The biggest cause of this messing around with unimportant or uninteresting stuff is because designers include mechanics in their games out of tradition or fear rather than necessity. The more layers you add to your game’s mechanics and systems, the more durdling around your players are going to do rather than addressing what is important to them.
When you are designing, ask yourself some important questions. Does your game really need a complex combat system? How many of the character elements (stats, passions, gear, heritage, talents, relationships, etc.) are designed to focus on what the game is about and how many are designed to cover corner cases and contingencies? Is there anything in your text that could be left up to player discretion rather than use a table or calculation?
Focusing your design on what is really important, what you really want play to actually be about, is the best way to avoid the 20:4 problem. Toss out anything that is not reinforcing the object of play and the themes you want to communicate. Food, gear, travel-time, damage tables, skill lists, and all things of that sort are only important if they are part of what makes play fun. A game about traveling nomads in a post-apocalyptic world where conflicts over food and materials are common is the right place for rules involving hunger, starvation, encumbrance, exhaustion, and so on. A sci-fi game about starfighter pilots probably is not.
So, in the end, you need to make sure your rules are tightly focused on what the game is about, what the characters should be doing, and how you want the players to actually play.
A Separate Issue:
There is a separate yet somewhat related issue I want to address while I’m on this topic. I was hanging out at my local game store the other night. I was talking to some guys about what RPGs they play, and one said, “There’s times we never even touch the dice! Those are some of the best sessions we have.” And he was quite proud of this fact.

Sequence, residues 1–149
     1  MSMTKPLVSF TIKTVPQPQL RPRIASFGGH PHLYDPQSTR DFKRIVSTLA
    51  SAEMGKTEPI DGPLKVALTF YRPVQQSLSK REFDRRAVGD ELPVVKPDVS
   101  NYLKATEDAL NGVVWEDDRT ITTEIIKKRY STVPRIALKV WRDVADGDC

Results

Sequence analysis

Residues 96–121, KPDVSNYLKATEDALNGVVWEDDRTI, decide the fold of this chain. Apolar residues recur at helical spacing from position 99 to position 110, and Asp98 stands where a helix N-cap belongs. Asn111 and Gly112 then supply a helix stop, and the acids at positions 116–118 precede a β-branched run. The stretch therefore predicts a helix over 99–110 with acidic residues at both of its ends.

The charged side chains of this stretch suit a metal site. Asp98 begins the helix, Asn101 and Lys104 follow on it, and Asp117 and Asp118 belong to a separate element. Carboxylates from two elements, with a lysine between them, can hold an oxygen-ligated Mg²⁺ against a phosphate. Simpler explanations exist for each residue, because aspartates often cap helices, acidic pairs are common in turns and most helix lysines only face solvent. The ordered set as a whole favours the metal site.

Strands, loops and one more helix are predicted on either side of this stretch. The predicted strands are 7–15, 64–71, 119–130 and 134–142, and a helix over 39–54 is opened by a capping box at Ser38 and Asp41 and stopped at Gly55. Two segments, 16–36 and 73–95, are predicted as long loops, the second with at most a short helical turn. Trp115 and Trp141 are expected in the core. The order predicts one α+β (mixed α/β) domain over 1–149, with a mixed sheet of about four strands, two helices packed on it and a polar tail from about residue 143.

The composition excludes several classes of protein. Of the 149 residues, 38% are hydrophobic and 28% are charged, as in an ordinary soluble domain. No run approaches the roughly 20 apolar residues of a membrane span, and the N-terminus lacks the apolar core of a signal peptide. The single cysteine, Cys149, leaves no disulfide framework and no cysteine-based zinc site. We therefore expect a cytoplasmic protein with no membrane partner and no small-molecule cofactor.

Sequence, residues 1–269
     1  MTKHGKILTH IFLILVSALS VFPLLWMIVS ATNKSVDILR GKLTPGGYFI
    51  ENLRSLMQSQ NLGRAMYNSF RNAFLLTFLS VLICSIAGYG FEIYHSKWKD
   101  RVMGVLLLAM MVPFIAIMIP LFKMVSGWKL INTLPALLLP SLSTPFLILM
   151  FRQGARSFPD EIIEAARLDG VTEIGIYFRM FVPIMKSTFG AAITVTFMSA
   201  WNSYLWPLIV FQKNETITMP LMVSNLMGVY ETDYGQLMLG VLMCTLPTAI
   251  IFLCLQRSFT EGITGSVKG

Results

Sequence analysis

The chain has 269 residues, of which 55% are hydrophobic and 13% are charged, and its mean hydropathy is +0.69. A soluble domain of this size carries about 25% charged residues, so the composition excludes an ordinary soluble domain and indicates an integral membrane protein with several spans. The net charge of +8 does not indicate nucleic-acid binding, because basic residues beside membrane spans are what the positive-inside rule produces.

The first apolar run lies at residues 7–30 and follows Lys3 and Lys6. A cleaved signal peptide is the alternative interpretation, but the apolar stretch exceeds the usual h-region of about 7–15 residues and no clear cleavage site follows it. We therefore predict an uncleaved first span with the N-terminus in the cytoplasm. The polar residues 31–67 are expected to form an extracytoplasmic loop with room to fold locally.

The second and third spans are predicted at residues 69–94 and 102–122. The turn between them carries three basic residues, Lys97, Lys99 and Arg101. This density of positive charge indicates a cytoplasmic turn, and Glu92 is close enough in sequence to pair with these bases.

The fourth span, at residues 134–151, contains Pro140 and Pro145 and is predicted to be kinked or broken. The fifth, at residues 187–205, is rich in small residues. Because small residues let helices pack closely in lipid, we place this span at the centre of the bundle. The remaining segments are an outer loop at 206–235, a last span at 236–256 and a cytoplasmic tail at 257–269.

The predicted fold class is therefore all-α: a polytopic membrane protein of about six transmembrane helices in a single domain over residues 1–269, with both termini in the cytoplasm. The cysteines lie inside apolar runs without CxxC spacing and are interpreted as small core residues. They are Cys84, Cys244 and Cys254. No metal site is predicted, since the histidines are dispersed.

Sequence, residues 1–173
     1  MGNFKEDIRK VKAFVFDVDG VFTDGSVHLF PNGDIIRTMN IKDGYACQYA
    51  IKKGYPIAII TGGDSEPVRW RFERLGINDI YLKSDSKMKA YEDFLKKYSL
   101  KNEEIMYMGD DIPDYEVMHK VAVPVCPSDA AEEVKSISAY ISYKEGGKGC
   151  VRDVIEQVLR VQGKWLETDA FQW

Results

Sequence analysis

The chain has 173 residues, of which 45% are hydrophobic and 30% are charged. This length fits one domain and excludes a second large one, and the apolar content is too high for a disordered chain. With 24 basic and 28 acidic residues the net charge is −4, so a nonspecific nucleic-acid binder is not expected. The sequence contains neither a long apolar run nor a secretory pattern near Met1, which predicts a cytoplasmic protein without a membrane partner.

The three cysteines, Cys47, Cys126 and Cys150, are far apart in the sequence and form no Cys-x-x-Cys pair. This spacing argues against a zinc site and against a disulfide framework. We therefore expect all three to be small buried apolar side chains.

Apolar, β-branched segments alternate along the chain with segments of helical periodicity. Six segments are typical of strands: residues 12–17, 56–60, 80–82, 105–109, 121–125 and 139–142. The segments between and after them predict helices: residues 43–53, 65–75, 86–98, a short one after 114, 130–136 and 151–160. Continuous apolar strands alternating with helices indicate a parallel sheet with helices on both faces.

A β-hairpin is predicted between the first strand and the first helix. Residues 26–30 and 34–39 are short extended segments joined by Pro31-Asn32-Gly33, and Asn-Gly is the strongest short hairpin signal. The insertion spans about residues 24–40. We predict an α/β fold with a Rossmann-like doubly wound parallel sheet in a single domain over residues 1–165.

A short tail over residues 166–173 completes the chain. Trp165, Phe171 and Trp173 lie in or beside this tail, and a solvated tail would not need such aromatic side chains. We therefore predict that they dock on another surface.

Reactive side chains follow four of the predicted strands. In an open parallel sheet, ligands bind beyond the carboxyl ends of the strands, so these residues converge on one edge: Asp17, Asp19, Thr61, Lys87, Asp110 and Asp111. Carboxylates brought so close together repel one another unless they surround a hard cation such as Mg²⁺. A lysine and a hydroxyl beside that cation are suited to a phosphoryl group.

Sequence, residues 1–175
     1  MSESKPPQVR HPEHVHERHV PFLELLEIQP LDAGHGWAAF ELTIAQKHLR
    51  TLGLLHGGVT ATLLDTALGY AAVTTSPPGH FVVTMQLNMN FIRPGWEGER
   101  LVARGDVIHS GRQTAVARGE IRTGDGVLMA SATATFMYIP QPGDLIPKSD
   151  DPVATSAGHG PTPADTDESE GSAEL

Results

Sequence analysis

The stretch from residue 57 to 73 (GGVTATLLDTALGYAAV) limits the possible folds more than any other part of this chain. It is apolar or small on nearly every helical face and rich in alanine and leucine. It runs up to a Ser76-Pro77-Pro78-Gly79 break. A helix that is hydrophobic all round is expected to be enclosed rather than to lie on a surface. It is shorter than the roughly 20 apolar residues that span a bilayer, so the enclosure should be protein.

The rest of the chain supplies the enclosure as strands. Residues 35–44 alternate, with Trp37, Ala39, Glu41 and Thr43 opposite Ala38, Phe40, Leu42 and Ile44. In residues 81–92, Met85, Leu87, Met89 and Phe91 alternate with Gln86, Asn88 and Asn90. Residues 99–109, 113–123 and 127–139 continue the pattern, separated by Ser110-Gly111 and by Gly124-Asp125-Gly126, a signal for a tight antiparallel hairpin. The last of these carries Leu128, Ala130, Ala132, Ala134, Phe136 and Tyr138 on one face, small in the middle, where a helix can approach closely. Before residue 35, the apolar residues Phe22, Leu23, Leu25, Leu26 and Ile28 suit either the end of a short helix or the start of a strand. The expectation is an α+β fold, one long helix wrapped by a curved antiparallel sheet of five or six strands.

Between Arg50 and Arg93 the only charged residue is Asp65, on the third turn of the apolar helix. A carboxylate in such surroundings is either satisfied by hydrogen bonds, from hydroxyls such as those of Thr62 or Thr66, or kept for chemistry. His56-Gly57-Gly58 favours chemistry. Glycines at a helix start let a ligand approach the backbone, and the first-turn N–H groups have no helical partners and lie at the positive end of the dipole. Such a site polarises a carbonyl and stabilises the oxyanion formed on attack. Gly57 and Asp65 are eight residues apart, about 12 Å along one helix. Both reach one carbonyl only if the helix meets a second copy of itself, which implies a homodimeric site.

I thought, “What a horrible thing.” I didn’t say anything, of course, but the reason I thought it was so terrible was because it was obvious to me that the game was not delivering the kind of play these guys wanted. Yet they kept on using the game for whatever reason. This is another type of 20:4 ratio. If you’re using a game’s rules for only twenty minutes in a four hour session, then you probably need to find a new game. It’s clear that the system you’re using isn’t supporting the players’ aims and goals. Why stick with something if you never use it?
This has applications to design. If, during playtesting, the players only reference your rules on the rare occasion, they are probably relying more on their prior knowledge of roleplaying rather than on the new content you are presenting. When this happens, you need to inquire why they aren’t utilizing the rules more or, at the very least, why it seems that way. What is it about your design that they find unnecessary for most of what they are trying to do? Chances are you have left out some critical procedures or guidance.
This problem can be hard to notice as a designer ESPECIALLY when the players are having fun. But it’s not something you want to ignore. If players don’t need your rules for their enjoyment, why would they bother buying your game? It’s something to keep in mind, even for minimalist designs.